zontally. This puts certain tensions into these suboccipi-
tal muscles, which the brain reads from the myriad
stretch receptors, and then reflexively orders the rest of
the spinal muscles to organize the entire spine from
the neck down, so that the cat's feet are under it before
it ever hits the carpet. Though we are upright, our
head-neck-upper back relationship functions in much
the same way. Thus, how you use your eyes, and more
particularly, how you use your neck, determines the
tonus pattern for the rest of your back musculature. This
plays into a number of postural patterns we see every
day in our practice: loosening the neck is often key to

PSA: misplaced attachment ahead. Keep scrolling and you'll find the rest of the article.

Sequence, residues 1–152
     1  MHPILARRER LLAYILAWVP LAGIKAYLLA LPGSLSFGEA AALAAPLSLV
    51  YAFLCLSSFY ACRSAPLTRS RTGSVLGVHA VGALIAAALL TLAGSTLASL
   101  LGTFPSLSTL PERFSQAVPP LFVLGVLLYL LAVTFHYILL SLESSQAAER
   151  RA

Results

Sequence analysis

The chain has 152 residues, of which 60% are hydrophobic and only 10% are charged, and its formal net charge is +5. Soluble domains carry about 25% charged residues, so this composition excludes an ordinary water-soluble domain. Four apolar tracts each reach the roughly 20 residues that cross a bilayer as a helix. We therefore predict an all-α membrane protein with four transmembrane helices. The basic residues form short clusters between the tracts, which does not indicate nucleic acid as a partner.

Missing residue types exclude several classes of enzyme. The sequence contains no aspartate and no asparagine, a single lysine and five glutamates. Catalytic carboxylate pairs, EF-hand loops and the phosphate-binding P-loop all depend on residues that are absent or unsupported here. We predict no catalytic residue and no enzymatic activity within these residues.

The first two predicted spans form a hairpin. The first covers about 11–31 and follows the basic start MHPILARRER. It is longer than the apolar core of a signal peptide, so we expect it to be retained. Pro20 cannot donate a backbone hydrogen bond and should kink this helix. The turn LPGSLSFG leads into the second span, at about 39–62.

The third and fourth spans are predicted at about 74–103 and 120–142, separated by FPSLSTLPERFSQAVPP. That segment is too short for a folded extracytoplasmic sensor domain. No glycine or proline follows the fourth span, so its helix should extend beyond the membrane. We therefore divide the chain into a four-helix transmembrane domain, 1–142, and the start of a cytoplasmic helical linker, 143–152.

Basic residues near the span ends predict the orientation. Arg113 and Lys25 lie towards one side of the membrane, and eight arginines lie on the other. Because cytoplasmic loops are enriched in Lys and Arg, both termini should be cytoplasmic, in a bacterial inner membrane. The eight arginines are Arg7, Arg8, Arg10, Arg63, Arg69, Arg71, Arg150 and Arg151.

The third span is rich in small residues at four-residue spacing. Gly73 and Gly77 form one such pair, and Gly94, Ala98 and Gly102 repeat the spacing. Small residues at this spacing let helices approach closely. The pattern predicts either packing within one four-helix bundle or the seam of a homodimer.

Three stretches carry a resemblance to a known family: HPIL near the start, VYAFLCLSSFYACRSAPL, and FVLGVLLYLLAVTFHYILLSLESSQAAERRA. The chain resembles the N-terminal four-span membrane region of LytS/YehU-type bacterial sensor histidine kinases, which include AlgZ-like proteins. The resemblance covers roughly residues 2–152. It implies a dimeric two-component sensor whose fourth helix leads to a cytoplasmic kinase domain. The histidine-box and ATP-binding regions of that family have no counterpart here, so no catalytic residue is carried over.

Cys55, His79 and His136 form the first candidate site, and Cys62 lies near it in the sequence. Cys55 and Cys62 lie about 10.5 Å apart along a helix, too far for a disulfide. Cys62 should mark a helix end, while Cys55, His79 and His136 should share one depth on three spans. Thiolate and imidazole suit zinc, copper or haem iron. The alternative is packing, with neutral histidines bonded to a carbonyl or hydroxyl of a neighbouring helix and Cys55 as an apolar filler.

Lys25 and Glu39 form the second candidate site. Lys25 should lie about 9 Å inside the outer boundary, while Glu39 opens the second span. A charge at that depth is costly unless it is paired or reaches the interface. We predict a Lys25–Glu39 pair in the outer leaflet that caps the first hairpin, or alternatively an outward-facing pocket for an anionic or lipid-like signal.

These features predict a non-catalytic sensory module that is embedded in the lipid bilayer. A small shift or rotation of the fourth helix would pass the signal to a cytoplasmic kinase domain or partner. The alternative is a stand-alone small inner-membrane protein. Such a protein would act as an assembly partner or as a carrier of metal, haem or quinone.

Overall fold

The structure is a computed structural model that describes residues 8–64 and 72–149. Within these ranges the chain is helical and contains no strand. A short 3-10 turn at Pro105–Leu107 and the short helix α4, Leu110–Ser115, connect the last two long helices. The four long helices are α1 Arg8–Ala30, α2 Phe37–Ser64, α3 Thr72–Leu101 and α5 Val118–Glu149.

intransigent problems between the shoulder blades, in
the lower back, and even in the hips.
Retracting the neck and head is also a fundamental
part of the fear response. Most animals respond to fear
with a retraction of the head, and humans are no excep-
tion. Since most of us do not get out of childhood
without some unresolved fear, this retraction, either as
a habit before we begin a movement or as a permanent
postural state, becomes built into our movement as a
socially acceptable, unobserved, but ever-so-damaging
state of being. Being so deep and of such long standing,
such a habit is not easy to root out - teachers of the
Alexander Technique spend years at it - but the effort
is worthwhile for the psychological and physical feeling
of freedom it gives.
The four suboccipital muscles which are a part of the
SBL are the rectus capitis posterior minor (RCPM), the
rectus capitis posterior major (RCPMaj), the obliquus
The OCI is badly named, since it does not attach
directly to the head, but runs from the large SP of the